Draghi and the ECB have come under fire recently, particularly from Germany, over their interest rate policy. The ECB president retorted to the claims by saying “our monetary policy is stimulating the economy by steering market rates below their long term levels." (Source: Ruptly TV, 5/2/2016)
Here's an excerpt from Mario Draghi's speech transcript:
The short-term perspective
Where does monetary policy enter the picture?
While structural factors drive long-term real rates, monetary policy influences interest rates over the short-term. But it does so only at the margin: central banks steer market rates relative to the level dictated by those structural forces. This alters the relative attractiveness of saving versus spending, and in doing so helps keep output around potential and ensures price stability.
Today, faced with a persistent output gap and too-low inflation, our monetary policy is stimulating the economy by steering market rates below their long-term levels. And since those long-term rates have fallen very low, it is inevitable that market rates have fallen to very low and even negative levels for an extended period of time to achieve the right level of demand support.
This has been the case not just for the euro area, but also for Japan, where central bank policy rates have been near zero since the mid-90s; for the US, where they have stayed near zero since 2008 and have been raised only once since, at the end of last year; and for the UK, where policy rates have been just above zero for 7 years now.
If central banks did not do this – i.e. if we kept interest rates too high relative to their real levels – investing would be unattractive, because the cost of borrowing would exceed the return. So the economy would stay stuck in recession. Conversely, by holding market rates below the real rate of return, we encourage the investment and consumption that is needed to bring the economy back to potential. That in turn creates the conditions for monetary policy to eventually normalise.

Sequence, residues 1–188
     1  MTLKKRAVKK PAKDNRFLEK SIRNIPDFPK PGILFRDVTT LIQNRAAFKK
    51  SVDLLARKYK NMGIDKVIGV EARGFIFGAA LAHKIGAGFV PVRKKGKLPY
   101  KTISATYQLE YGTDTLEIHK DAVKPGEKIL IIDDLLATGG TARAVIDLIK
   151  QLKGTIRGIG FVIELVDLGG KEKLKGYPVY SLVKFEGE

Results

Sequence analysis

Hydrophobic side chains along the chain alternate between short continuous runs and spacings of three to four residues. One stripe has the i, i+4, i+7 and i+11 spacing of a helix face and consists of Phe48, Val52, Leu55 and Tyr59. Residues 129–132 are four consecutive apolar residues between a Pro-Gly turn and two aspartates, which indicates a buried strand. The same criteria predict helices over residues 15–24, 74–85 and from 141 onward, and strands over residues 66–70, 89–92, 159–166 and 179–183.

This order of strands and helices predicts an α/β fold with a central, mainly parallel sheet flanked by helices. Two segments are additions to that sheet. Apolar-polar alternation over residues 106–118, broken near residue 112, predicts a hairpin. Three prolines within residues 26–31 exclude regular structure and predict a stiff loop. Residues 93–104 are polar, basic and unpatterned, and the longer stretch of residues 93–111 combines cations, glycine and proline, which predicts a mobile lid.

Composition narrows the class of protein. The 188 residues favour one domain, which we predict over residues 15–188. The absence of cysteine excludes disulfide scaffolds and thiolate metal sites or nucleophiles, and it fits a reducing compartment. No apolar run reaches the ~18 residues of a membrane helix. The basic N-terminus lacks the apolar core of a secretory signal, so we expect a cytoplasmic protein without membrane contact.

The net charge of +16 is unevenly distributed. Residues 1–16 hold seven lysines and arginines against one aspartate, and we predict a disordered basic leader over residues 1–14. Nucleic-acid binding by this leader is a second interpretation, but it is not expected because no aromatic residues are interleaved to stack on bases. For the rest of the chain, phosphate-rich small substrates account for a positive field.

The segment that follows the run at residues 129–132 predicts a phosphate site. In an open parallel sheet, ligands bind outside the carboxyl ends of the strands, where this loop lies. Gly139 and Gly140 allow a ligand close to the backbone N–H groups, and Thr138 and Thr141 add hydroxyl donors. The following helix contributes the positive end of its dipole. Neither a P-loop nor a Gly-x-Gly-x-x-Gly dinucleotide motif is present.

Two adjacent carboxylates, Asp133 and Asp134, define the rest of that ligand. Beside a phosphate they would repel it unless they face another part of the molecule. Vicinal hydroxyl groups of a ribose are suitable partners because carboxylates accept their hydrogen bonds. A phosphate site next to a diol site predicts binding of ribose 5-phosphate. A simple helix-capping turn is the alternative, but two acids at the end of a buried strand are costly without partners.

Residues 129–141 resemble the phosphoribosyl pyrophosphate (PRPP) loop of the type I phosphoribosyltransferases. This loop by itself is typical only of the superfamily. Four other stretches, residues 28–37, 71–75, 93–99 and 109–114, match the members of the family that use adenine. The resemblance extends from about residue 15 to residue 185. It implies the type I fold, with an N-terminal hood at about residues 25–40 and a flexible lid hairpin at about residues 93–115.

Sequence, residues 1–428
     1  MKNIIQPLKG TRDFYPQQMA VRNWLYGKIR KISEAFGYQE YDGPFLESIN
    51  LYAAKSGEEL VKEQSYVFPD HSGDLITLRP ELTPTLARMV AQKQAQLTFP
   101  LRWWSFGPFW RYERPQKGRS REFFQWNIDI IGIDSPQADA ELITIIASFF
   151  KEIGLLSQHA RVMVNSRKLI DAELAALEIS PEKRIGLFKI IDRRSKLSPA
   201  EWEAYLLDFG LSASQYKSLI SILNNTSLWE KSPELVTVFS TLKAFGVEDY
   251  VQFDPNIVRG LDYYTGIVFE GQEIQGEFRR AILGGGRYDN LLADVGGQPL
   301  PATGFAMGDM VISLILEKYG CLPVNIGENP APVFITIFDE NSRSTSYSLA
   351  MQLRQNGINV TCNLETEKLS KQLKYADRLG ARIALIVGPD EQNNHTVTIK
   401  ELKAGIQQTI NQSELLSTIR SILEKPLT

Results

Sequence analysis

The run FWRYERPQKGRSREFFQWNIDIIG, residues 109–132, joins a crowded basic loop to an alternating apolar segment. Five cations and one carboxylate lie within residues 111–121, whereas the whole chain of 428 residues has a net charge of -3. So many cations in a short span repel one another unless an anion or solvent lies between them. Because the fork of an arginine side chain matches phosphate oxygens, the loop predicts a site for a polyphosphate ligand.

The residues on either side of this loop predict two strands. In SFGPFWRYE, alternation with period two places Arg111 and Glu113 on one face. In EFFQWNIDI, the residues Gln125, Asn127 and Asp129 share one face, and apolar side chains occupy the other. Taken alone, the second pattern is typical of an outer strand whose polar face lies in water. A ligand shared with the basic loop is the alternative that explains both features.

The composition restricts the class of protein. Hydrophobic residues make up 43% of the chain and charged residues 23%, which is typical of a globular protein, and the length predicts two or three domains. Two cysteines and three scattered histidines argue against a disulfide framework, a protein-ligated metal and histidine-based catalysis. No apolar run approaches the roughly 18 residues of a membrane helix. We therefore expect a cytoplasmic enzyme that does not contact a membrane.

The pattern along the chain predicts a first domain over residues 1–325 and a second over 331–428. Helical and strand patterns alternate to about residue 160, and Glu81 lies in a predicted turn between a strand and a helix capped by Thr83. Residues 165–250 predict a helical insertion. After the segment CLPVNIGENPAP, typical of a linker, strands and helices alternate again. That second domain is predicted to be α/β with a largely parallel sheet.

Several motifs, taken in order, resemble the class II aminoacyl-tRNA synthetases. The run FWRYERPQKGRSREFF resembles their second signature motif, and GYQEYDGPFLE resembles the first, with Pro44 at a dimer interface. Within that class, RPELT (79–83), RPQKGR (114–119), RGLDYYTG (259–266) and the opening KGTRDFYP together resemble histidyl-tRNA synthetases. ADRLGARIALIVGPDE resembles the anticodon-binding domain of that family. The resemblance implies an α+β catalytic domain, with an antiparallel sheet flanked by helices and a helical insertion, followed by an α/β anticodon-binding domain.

It might seem at first glance that this policy is tantamount to penalising savers in favour of borrowers. But in the medium-term, expansionary policy is actually very much to the benefit of savers.
For a start, savers can still earn satisfactory rates of return from diversifying their assets, even when interest rates on deposit and savings accounts are very low. For example, US households allocate about a third of their financial assets to equities, whereas the equivalent figure for French and Italian households is about one fifth, and for German households only one tenth. By contrast, German households keep almost 40% of their assets in cash and deposits, and French and Italian households approximately 30%. The equivalent number is less than 15% for US households.
But more fundamentally, it is key to appreciate that whatever financial assets savers hold, they always own a claim on the output of the economy. So their interest is ultimately the same as that of the economy as a whole.
If central banks did not act to bring the economy out of slump, what would happen to those claims? Not only would output rise more slowly towards potential, but more importantly potential itself would be eroded. Since unemployment would remain high for longer, people would lose their skills; and as investment would remain subdued for longer, the productive capacity of the economy would suffer lasting damage. A crisis-induced loss of output would then become permanent, and the real wealth of savers would inevitably be lower.
In other words, while low interest rates might appear to create a conflict between creditors and debtors, this is not true in the aggregate, and it is certainly not true over the medium-term. Overall, savers and borrowers in fact have the same interest: that the economy returns to potential without undue delay and grows sufficiently strongly to generate enough income for both. That, in final analysis, is the only way to truly protect the long-term interest of savers.
Thus the second part of the answer to raising rates of return is clear: continued expansionary policies until excess slack in the economy has been reduced and inflation dynamics are sustainably consistent again with price stability. There is simply no alternative to this today.
The only potential margin for manoeuvre is in the composition of the policy mix, that is, the balance of monetary and fiscal policy. In fact, those advocating a lesser role for monetary policy or a shorter period of monetary expansion necessarily imply a larger role for fiscal policy to raise demand and close the output gap faster.